He is not the only one who is enamored with black and white imagery. By most accounts, color photography hasn't given an inch of territory, but there's been something of a renaissance in black and white. It may not be a recent trend: Charlie Holland, director of photography at Tony Stone Images, recalls that "we responded quite early to what seemed to be a resurgence in the use of black and white, and I would date that to at least three years ago." For veteran stock shooter Rob Goldman, the shift to black and white photography occurred more recently. Maybe two years ago, he says -- but it's still going strong as ever.
"The reason I turned to black and white so definitively was that I wanted my photography to be more of a storytelling medium that left more open to people's imagination," says Goldman, who found that "the pure literalness of color destroyed that possibility." To be fair, Goldman does enhance much of his black and white work with a hint of color to add dimension. Clients took to the imagery, but Goldman's new direction concerned his reps. "It took a little time for my stock agency to accept it," he observes, "but no time at all for the clients to accept it."
Stock has become a multibillion dollar operation worldwide, with black and white stock photography occupying a much larger market share overseas than in the United States. Reps and photographers attribute this to a perceived desire on the part of American consumers to see something literal and representational, whereas in Europe and Asia, the public is used to more metaphorical concepts.
On the other hand, U.S. agencies such as TBWA/Chiat/Day and Goodby Silverstein & Partners have used high-quality black and white imagery for some years to produce ads with greater recognition and deeper emotional connections. However, selling the idea of a muted black and white treatment when clients want the greatest degree of visibility for their product in glossy color is often no easy task. Max Fallon, director of print production at Goodby, is charged with finding convincing imagery that keeps the client and the creatives happy.
"A lot of factors are involved in the decision to use stock photography -- whether the client can afford a new photo shoot, how the creatives feel about stock versus shooting it new, and whether it's in black and white or color," says Fallon. He agrees that stock comes into consideration mostly when there is simply not the time nor the budget to shoot new photography -- or a locale that is cost-prohibitive. "We did a print ad recently for Nike that was only going to be used once and we wanted to use a shot that was monochromatic," he recalls. "It was a hiker on a mountain peak, and there was no way we could possibly shoot it in the amount of time and for the budget, so we found a stock photographer that shoots a lot of things like that and he pulled it from his files."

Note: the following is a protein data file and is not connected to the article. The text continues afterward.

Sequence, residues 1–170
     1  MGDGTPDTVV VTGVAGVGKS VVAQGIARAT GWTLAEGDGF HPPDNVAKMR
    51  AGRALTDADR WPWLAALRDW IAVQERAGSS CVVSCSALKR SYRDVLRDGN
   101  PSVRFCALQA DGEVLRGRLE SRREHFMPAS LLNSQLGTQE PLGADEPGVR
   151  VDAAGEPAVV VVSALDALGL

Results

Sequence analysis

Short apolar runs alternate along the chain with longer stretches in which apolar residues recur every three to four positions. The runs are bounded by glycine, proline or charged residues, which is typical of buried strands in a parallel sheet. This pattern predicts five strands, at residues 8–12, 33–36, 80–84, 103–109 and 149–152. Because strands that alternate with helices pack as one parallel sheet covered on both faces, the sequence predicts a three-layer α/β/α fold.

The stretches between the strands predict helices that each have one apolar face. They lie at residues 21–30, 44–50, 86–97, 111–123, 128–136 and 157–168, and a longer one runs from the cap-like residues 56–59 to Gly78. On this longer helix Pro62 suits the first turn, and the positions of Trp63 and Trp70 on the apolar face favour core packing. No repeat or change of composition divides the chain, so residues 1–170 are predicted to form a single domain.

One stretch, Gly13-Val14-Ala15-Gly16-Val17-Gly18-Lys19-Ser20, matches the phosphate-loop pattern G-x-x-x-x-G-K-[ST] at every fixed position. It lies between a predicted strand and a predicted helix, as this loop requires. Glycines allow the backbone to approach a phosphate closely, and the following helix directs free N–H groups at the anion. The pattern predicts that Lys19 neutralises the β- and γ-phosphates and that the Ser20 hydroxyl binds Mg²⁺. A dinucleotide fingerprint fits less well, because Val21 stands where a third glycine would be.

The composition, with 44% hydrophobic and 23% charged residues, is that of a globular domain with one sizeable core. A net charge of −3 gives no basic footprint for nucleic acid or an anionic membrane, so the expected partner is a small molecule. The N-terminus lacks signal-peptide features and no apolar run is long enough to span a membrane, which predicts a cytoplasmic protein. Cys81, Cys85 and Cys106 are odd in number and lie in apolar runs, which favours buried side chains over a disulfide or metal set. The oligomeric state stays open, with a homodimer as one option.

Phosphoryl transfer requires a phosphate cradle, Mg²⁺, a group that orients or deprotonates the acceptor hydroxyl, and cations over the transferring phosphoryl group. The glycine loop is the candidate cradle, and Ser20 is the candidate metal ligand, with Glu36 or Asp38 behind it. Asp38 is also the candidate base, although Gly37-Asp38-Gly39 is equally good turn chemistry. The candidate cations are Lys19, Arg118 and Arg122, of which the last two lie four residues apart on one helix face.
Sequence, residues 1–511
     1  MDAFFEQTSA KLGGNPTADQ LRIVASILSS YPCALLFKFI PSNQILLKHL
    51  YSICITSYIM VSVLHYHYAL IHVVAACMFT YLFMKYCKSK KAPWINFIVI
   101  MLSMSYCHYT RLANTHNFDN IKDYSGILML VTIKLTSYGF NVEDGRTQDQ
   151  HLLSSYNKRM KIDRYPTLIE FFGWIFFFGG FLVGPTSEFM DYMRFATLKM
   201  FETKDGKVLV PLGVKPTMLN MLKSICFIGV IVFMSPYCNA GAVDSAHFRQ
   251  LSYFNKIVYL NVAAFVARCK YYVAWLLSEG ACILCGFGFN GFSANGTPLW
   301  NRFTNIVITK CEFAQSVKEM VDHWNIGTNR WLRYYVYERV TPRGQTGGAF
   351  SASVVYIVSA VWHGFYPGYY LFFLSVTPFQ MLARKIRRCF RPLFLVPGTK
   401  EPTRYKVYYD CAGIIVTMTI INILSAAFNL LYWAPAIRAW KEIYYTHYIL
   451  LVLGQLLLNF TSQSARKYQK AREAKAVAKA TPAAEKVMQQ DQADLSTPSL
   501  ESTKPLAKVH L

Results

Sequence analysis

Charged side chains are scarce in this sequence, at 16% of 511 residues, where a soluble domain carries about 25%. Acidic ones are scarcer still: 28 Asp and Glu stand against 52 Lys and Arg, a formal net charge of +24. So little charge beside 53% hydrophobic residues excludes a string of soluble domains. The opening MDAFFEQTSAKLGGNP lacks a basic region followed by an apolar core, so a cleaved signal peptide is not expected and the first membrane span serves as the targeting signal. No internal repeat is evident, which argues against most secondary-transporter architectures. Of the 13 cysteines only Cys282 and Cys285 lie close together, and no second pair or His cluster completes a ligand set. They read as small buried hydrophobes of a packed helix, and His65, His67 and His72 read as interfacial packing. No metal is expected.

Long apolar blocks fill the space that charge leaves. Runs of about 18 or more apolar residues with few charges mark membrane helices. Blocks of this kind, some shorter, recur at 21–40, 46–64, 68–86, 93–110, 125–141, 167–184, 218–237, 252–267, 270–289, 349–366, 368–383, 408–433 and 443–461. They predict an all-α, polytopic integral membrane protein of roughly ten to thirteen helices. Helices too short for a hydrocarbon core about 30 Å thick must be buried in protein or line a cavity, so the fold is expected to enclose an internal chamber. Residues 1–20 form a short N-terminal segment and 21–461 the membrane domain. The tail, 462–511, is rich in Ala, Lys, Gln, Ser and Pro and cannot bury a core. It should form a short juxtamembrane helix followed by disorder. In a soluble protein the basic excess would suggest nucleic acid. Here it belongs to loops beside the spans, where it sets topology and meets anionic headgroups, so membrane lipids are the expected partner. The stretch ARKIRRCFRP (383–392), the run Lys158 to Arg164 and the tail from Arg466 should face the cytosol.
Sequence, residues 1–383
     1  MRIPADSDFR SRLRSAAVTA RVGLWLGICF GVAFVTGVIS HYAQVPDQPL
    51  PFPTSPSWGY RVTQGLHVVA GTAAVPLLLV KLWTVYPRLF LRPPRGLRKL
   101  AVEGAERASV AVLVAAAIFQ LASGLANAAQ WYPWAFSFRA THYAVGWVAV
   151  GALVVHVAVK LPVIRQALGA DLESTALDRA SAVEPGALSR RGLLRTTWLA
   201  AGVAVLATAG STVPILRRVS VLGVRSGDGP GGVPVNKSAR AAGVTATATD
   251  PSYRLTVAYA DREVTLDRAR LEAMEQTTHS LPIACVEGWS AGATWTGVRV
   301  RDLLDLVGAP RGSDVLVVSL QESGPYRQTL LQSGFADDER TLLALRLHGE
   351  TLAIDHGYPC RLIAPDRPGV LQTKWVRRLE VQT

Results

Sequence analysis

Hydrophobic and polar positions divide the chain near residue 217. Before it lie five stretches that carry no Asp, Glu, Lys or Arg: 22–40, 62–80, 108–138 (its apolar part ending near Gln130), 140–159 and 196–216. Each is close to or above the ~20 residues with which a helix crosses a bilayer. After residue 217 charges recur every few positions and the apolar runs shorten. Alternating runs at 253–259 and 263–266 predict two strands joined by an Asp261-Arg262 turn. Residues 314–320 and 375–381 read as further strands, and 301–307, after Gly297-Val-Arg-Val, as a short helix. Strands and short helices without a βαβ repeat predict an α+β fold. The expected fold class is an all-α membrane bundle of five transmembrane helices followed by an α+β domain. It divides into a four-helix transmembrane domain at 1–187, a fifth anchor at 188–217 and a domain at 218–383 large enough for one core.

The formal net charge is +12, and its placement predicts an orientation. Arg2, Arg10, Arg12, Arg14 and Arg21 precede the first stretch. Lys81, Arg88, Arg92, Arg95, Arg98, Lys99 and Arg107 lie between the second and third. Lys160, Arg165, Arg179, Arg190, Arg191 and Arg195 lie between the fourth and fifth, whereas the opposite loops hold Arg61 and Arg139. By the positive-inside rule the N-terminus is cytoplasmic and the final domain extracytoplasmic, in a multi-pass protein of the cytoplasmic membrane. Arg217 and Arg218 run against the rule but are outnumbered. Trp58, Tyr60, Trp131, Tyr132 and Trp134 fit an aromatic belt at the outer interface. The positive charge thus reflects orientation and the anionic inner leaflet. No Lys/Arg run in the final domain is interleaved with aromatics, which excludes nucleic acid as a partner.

Is that perceived as a necessary but not happy compromise? "Usually everybody's quite happy with the stock that is available nowadays," maintains Fallon. "The market has definitely come to accept that often black and white is the most direct, truthful way to reproduce an image."
He gets no argument from Dan Ligon, a copywriter at Blazing Paradigm/San Francisco."Sometimes it's best to order in," is the tagline for the new Food.com campaign that Ligon worked on; it uses lots of monochromatic photos. "Food and eating is as old as time," he explains. "So we designed a campaign that is 'retro-modern,' not just using campy photographs but taking vintage material and putting a modern veneer on it."
Agency head Ron Walters didn't relish the thought of using stock photos. "I thought, 'Oh, god, here's that same old idea that everybody tries.' " But Blazing Paradigm decided that if stock imagery was to be used, they were going to take it to a fresh place, literally building new images out of elements from various photos using Photoshop.The crude,collage-y humor of the ads contrasts with the bland offerings that surround them on the Internet.
A not-so-new fan of black and white is well-known stock shooter Timothy Shonnard, who photographed the dog seen in the aforementioned Seagate ad (p. 31). "I just can't stare at enough old pictures," he reflects. "There's something that catches your heart about those images." Like many fellow photographers these days, he uses a computer to add tone. "I sepia it. It gives it a little life and I like how it looks."
Shonnard believes that "We all have to reinvent ourselves and think metaphorically or symbolically, because the market demands that. Because right now, there's too much -- too much color, too much technology, too much of